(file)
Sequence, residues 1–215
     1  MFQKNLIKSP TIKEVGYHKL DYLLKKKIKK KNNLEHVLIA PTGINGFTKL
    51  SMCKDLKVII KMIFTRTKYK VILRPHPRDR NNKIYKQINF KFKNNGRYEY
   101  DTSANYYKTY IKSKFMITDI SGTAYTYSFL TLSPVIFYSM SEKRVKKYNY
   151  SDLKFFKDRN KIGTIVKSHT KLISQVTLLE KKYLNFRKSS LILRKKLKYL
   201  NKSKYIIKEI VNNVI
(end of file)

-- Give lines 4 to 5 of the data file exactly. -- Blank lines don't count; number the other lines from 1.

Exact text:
   101  DTSANYYKTY IKSKFMITDI SGTAYTYSFL TLSPVIFYSM SEKRVKKYNY
   151  SDLKFFKDRN KIGTIVKSHT KLISQVTLLE KKYLNFRKSS LILRKKLKYL